Design Innovation Paper

Design of High Speed Rotary Valves for Pneumatic Applications

[+] Author and Article Information
Travis L. Brown

Aerospace and Mechanical Engineering,
University of Notre Dame,
Notre Dame, Indiana 46556
e-mail: tbrown14@nd.edu

Prasad Atluri

GM Global Research
Warren, MI 48090
e-mail: vprasad.atluri@gm.com

James P. Schmiedeler

Aerospace and Mechanical Engineering,
University of Notre Dame,
Notre Dame, IN 46556
e-mail: schmiedeler.4@nd.edu

1Corresponding author.

Contributed by the Design Innovation and Devices of ASME for publication in the JOURNAL OF MECHANICAL DESIGN. Manuscript received April 16, 2012; final manuscript received August 12, 2013; published online October 17, 2013. Assoc. Editor: Craig Lusk.

J. Mech. Des 136(1), 015001 (Oct 17, 2013) (7 pages) Paper No: MD-12-1204; doi: 10.1115/1.4025487 History: Received April 16, 2012; Revised August 12, 2013

Valves based on rotating geometry have long been sought by designers for their simplicity, compactness, and desirable dynamic properties. Unfortunately, they generally involve tight sealing surfaces with significant relative motion, making them particularly prone to problems of wear, leakage, and seizure. These inherent weaknesses are easily overcome in applications involving low pressures or low actuation speeds but become more significant in applications with high pressures and/or high speeds. In this paper, a new high speed, high pressure rotary valve design for an experimental reciprocating compressor-expander is presented. A physical prototype is created, and leakage and valving experiments are performed. Sealing performance is verified and shown to be on the order of piston ring leakage, making it suitable for compressor use. Although not intended for combustion applications, it is possible that a modified version of this design could function in that capacity. As shown, this design is useful in pneumatic applications in which temperatures are lower and oil leakage is tolerable.

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Fig. 1

Basic valve system geometry (cross-section view). (1) Valve Shaft, (2) Valve Bearings, (3) Valve Seals, (4) Rotary Shaft Seals. The valve seals and valve springs (not shown) move within a cylindrical hole which guides the valve seals into contact with the valve shaft. O-rings are used to seal the valve seals to the head.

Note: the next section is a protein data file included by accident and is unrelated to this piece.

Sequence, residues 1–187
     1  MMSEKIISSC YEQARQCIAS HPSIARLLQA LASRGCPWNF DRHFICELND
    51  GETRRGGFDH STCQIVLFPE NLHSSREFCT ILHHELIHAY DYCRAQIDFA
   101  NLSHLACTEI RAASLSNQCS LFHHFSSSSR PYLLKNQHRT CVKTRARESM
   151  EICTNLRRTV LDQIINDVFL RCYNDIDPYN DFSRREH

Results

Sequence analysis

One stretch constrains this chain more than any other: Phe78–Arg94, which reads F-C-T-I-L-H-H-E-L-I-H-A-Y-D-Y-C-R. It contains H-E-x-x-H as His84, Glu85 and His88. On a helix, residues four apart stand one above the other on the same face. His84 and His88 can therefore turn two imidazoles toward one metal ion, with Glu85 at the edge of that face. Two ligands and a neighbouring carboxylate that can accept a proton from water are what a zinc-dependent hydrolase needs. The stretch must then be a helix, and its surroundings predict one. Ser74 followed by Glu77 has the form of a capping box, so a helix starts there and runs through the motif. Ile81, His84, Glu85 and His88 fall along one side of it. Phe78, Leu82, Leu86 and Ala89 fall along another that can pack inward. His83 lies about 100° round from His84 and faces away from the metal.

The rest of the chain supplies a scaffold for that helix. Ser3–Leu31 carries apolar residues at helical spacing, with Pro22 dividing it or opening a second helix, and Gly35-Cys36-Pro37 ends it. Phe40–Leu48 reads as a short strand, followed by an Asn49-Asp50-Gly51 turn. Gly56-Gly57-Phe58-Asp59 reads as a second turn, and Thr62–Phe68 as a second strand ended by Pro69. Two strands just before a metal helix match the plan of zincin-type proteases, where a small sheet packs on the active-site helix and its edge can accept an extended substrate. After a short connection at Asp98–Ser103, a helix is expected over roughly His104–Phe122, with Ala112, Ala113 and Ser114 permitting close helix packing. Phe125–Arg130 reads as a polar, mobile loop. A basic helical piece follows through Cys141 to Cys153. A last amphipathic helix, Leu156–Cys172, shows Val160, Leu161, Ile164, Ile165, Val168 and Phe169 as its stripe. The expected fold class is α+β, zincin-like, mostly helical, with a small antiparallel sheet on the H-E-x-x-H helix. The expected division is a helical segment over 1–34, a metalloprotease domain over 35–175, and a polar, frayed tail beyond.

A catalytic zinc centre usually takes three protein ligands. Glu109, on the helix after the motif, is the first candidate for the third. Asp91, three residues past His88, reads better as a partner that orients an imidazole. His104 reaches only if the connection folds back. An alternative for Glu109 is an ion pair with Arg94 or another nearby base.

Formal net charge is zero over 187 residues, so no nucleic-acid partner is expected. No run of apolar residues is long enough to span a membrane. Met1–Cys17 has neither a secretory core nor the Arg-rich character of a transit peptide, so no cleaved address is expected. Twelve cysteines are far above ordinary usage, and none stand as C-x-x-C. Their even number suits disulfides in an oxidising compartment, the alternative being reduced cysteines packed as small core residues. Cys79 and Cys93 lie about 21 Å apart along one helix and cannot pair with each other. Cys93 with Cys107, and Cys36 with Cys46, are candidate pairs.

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Fig. 2

Simplified cross-sectional view of valve head showing various components of the valve design.

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Fig. 3

Exploded view of the final valve head design. Small fasteners and valve springs are omitted for clarity.

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Fig. 4

Illustration of an intersection line on a hypothetical example geometry. Intersection lines determine the rate of change of valve area.

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Fig. 5

Overlap profile for various valve geometries. The size of all ports was adjusted to result in the same maximum open area and same valve timing. The variable D represents the center-to-center distance at which the valves begin opening. Wide rectangular cross sections lead to the fastest open times but require larger valve seals.

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Fig. 6

External geometry of the compressor expander. (1) Valve Shaft Timing Pulley (2) Valve Timing Adjustment Bolts (3) Valve Belt Tensioner (4) Tensioner Arm (5) Backshaft (6) Crankshaft Timing Pulley. Timing belt is not shown.

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Fig. 7

Experimental setup (1) Rotary Encoder (2) Compressor (3) DC Motor (4) Air Tank (5) Temperature and Pressure Sensors (6) Rotary Valve Head

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Fig. 8

Pressure decay and calculated leakage rate for 1 h starting at approximately 120 psi gauge (927 kPa absolute). The time derivative of pressure, necessary for finding the leakage rate, is calculated by fitting an exponential curve to the pressure data and differentiating this curve.

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Fig. 9

Leak rates for 4 different speeds of operation. Solid lines represent actual experimental data, dotted lines are extrapolations.

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Fig. 10

Results of a compressor functionality test. With the valve shaft in place, the compressor was able to charge the tank up to 900 kPa absolute pressure. This shows that the valve system both opens and closes properly under operating conditions.

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Fig. 11

The prototype valve shaft next to two bronze valve seals. Some discoloration on the valve shaft is visible after tens of operating hours. These marks are bronze colored and appear to be metal transfer from the valve seals. No wear of the valve shaft is detectable.



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